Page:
The CEM programme considers options against the parameters of feasibility and impact. Once a preferred implementation approach is identified, CEM can support its delivery and provide ongoing support to ensure that energy or carbon savings are sustained. Changes in management practices, operator training, monitoring tools and leadership focus play a role in preventing value erosion once consultants leave a client’s site.
Positive results from the CEM programme have already been seen. By focusing on better operational performance, the Fredericia refinery in Denmark achieved sustainable energy savings of nine percent. The refinery was Shell’s second most energy efficient refinery; yet, the CEM programme still managed to generate more savings. For example, the Fredericia refinery’s crude distiller changed the way skimming oil in the hydrodesulphurisation unit was managed. The refinery achieved more energy savings.
The energy-efficiency stream of the programme has also helped Malaysia LNG decrease the amount of feed gas used as fuel to run the LNG plant and reduce venting of hydrocarbons through flaring or incineration. The saved fuel is available as additional feed gas for conversion into LNG product.
One of Shell’s UK refineries identified energy savings worth five to six percent of the site’s energy bill through Energise, demonstrating the success of Shell Global Solutions’ Carbon and Energy Management Consultancy. Additionally, Shell Global Solutions Carbon and Energy Management Consultancy won the Petroleum Economist Cleaner Energy Initiative Award 2007.
Shell’s Energy Management System, a key tool to help ensure that value is sustained, is a combination of structured management processes and monitoring tools linked to real-time plant data systems. If implemented correctly, it can help develop a self-sustaining energy culture that enables continuous energy improvement. In exploring the potential for one Russian refinery, estimates suggested that operational excellence based on the energy management monitoring system could generate annual savings approaching US$250000 on its most efficient crude unit, based on the preliminary assessment.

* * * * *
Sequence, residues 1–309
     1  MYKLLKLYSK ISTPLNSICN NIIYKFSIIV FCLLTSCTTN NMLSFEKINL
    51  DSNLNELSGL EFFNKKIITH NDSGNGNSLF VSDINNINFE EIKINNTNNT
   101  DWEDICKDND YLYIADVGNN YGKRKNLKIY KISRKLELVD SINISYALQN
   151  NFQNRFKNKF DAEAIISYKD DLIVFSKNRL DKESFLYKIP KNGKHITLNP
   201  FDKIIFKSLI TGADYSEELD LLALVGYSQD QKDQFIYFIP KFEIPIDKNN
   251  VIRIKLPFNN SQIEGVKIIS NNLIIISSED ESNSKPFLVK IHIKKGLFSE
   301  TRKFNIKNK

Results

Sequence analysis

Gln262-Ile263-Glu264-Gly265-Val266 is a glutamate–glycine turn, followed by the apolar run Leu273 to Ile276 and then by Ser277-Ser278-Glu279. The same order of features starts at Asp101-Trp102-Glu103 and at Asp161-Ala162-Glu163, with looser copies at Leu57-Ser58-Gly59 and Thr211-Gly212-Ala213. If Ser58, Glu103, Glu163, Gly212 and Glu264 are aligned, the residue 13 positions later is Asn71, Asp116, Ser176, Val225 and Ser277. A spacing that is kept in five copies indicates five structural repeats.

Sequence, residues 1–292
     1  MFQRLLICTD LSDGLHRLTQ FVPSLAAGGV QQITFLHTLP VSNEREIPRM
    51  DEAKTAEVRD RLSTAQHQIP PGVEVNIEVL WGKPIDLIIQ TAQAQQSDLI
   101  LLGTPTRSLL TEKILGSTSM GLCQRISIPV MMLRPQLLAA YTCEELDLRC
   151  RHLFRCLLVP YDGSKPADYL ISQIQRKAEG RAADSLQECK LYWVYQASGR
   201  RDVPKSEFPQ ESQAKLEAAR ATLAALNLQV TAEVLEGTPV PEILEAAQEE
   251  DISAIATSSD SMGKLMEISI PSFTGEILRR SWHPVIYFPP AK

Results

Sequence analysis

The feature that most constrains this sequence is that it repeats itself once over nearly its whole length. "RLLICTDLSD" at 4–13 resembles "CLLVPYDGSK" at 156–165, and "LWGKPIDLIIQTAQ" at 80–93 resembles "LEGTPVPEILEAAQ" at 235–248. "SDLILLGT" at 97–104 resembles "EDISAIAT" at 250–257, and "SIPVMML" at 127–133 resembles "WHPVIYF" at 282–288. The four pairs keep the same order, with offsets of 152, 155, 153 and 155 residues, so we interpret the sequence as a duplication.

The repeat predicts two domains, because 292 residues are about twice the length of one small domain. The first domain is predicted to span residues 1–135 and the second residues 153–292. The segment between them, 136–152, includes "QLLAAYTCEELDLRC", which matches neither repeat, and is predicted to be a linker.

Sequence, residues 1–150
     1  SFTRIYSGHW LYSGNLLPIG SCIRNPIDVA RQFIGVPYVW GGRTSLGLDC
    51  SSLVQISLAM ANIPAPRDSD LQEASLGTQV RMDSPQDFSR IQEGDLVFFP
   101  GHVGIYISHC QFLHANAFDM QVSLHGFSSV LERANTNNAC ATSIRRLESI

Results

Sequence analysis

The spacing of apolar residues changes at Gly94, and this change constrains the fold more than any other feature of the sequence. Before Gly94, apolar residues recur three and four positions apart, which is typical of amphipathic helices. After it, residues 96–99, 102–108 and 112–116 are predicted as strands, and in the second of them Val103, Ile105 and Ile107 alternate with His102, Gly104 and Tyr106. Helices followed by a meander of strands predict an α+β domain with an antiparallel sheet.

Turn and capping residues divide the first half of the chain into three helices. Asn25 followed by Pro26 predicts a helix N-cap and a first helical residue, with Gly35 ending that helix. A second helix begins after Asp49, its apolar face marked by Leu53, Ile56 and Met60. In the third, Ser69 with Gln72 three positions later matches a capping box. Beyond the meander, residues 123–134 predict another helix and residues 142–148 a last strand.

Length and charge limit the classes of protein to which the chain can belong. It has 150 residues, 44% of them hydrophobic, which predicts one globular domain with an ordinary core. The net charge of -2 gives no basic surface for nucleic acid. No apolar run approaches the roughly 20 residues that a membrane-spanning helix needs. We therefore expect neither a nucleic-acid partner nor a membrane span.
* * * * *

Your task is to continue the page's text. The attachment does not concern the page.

Another innovative approach to carbon management is also bringing results. For example, Shell’s Pernis refinery in The Netherlands has reduced emissions by using a pipeline to redirect CO2 from the plant to horticultural growers in the south of The Netherlands. The additional benefit is that pure CO2 accelerates crop growth (up to a 25percent increase in production) and the growers now no longer need to run greenhouse heating systems during the summer just to maintain CO2 flow.
Shell Global Solutions has also facilitated the sale of CO2 for other industrial applications. In addition, Shell actively supports carbon trading and it completed the first-ever trade of CO2 emission allowances in 2003. This was within the EUETS, on behalf of Nuon Energy Trade and Wholesale.
Jeroen van der Veer, Shell Chief Executive, has said: “Meeting the world’s growing energy needs in an environmentally responsible manner is a tremendous challenge. Technology is essential to answering that challenge.”o

Andy Brittain is Managing Consultant, Shell Global Solutions International BV, The Hague, The Netherlands. www.shell.com